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    creating all kinds of health problems.
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    The situation is more significant
    for the B vitamins.
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    When you look at
    vitamin B1 and vitamin B2,
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    there's about a 17 percent decline.
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    Pantothenic acid, vitamin B5,
    is about a 13 percent decline.
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    Folate is about a 30 percent decline.
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    And these are averages over
    the various experiments that were done.
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    Folate is critical for child development.
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    Pregnant women who don't get enough folate
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    are at much higher risk
    of having babies with birth defects.
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    So these are very serious
    potential consequences for our health
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    as CO2 continues to rise.
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    In another example,
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    this is modeling work that was done
    by Chris Weyant and his colleagues,
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    taking a look at this chain
    from higher CO2 to lower iron and zinc --
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    and they only looked at iron and zinc --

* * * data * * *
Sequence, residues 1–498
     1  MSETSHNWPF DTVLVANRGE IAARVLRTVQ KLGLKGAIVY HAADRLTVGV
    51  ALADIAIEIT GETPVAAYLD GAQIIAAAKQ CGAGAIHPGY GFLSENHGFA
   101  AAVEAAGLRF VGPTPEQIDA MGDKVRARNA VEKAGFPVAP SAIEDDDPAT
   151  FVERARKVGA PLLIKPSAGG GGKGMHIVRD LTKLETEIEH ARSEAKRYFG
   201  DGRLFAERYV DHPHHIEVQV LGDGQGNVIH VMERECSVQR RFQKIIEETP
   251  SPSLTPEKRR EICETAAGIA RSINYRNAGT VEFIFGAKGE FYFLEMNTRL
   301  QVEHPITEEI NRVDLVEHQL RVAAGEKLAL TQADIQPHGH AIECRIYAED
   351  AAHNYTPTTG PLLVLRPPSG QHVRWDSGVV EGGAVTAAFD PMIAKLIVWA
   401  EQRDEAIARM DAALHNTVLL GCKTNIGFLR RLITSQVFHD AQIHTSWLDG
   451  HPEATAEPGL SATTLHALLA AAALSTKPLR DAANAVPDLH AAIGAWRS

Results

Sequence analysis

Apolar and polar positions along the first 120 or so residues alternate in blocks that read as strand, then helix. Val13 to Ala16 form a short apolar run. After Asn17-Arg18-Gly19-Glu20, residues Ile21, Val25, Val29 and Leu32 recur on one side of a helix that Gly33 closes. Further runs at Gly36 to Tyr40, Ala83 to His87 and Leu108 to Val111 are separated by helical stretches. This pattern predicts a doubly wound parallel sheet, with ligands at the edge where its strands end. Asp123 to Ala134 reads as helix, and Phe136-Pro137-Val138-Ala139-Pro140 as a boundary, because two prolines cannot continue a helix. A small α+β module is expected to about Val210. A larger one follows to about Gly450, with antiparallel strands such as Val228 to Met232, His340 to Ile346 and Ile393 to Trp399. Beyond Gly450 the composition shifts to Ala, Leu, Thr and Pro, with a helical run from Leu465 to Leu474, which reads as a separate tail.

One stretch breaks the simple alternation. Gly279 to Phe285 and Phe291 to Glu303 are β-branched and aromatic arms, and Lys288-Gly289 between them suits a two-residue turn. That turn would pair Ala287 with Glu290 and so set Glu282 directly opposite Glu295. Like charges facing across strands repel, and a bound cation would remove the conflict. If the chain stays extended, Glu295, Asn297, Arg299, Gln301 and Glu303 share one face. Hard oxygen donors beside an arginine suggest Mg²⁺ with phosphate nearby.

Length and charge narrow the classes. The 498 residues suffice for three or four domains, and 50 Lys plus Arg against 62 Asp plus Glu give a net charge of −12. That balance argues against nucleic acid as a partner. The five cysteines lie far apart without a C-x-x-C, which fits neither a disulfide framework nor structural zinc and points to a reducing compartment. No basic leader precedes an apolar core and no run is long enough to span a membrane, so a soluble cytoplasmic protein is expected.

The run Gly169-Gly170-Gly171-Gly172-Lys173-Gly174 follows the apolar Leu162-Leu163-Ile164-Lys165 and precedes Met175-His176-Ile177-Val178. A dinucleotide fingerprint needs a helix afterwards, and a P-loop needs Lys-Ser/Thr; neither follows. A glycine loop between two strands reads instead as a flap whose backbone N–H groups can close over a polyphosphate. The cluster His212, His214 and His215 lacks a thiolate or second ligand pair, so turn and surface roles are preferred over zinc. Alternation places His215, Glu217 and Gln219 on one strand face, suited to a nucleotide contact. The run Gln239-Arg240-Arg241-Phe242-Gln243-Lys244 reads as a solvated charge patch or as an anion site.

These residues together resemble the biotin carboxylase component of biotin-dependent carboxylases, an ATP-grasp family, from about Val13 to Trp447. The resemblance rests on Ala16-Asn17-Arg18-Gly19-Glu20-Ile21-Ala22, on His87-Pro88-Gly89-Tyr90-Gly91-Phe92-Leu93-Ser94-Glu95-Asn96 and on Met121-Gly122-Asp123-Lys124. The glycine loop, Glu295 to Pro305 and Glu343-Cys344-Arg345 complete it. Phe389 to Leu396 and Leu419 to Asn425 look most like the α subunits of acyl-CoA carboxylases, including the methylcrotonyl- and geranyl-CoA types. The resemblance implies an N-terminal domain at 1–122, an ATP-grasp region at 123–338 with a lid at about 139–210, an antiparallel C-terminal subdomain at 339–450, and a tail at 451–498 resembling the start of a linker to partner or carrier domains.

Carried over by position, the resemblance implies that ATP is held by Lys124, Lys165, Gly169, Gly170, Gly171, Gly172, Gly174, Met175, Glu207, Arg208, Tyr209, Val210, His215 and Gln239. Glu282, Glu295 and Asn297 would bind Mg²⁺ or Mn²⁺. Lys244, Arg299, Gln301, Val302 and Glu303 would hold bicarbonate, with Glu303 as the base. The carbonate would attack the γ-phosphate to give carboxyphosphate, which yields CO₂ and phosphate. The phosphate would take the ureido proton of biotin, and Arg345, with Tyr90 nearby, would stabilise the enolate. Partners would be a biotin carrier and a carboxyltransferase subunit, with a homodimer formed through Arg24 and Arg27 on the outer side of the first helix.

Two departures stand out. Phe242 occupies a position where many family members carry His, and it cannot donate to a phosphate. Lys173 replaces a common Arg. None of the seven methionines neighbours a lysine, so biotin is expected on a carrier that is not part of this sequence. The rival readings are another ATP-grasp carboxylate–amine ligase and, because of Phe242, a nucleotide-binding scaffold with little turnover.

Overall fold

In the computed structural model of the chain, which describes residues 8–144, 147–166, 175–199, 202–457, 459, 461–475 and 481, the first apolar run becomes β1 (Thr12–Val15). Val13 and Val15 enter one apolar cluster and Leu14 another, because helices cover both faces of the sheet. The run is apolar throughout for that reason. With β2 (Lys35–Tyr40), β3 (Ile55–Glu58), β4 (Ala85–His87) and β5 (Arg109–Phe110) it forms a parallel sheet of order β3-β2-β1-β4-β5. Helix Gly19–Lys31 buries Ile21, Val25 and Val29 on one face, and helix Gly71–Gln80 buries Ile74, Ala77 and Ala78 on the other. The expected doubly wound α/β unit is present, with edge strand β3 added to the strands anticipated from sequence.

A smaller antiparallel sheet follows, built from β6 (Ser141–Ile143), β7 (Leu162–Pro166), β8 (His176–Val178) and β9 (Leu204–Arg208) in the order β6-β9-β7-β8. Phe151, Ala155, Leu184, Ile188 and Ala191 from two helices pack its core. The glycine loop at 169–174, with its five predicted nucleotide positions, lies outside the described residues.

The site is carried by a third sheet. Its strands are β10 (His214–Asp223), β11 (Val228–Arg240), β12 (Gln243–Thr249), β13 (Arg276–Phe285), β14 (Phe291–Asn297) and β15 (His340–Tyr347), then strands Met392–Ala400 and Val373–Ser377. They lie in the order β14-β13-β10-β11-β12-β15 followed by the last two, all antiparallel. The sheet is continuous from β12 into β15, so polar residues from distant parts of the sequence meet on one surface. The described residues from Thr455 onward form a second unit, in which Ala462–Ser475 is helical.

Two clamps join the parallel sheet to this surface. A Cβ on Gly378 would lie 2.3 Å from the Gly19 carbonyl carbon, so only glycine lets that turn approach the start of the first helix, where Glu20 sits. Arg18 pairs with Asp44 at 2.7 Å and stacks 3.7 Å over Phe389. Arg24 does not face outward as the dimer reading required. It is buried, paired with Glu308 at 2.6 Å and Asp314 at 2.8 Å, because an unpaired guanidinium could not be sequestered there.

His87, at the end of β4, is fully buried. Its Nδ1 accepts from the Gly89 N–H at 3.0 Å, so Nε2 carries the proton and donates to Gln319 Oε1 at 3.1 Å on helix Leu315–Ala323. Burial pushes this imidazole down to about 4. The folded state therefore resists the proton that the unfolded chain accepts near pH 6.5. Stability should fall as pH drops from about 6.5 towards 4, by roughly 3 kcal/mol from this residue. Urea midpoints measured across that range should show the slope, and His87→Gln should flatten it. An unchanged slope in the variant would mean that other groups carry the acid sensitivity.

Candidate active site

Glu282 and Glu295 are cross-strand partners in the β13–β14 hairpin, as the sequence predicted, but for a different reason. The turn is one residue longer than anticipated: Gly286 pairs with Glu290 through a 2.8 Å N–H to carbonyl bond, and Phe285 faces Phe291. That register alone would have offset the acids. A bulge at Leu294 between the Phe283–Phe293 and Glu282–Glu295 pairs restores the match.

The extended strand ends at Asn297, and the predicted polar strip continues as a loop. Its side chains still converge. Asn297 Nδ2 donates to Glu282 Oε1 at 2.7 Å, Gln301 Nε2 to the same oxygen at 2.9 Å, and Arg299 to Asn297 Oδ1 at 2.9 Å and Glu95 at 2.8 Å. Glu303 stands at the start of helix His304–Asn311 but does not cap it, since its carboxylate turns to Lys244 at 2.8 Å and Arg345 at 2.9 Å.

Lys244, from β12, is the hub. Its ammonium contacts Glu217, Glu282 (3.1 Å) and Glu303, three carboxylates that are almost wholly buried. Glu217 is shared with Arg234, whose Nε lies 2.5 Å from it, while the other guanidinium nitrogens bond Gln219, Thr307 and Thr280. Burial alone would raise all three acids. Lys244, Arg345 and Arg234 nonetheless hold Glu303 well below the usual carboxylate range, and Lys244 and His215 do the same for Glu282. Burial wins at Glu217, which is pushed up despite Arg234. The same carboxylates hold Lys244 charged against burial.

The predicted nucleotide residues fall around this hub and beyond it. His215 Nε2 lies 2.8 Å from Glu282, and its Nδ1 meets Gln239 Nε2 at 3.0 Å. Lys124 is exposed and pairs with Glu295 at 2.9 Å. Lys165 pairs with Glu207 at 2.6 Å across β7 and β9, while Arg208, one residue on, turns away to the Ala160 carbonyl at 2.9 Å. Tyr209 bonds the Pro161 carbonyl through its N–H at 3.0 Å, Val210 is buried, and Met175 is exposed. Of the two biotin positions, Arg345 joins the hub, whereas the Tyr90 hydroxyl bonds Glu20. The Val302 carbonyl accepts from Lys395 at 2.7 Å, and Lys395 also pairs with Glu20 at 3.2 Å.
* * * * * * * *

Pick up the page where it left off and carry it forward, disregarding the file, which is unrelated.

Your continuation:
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    to various health outcomes.
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    They looked at malaria,
    diarrheal disease, pneumonia,
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    iron deficiency anemia,
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    and looked at what
    the consequences could be in 2050.
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    And the darker the color in this,
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    the larger the consequences.
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    So you can see the major impacts
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    in Asia and in Africa,
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    but also note that in countries
    such as the United States
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    and countries in Europe,
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    the populations also could be affected.
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    They estimated about
    125 million people could be affected.
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    They also modeled what would be
    the most effective interventions,
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    and their conclusion was
    reducing our greenhouse gases:
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    getting our greenhouse gas emissions
    down by mid-century
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    so we don't have to worry so much
    about these consequences
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    later in the century.
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    These experiments, these modeling studies
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    did not take climate change
    itself into account.
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    They just focused on
    the carbon dioxide component.
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    So when you put the two together,
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    it's expected the impact is much larger
    than what I've told you.
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    I'd love to be able to tell you right now
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    how much the food you had for breakfast,
    the food you're going to have for lunch,
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    has shifted from what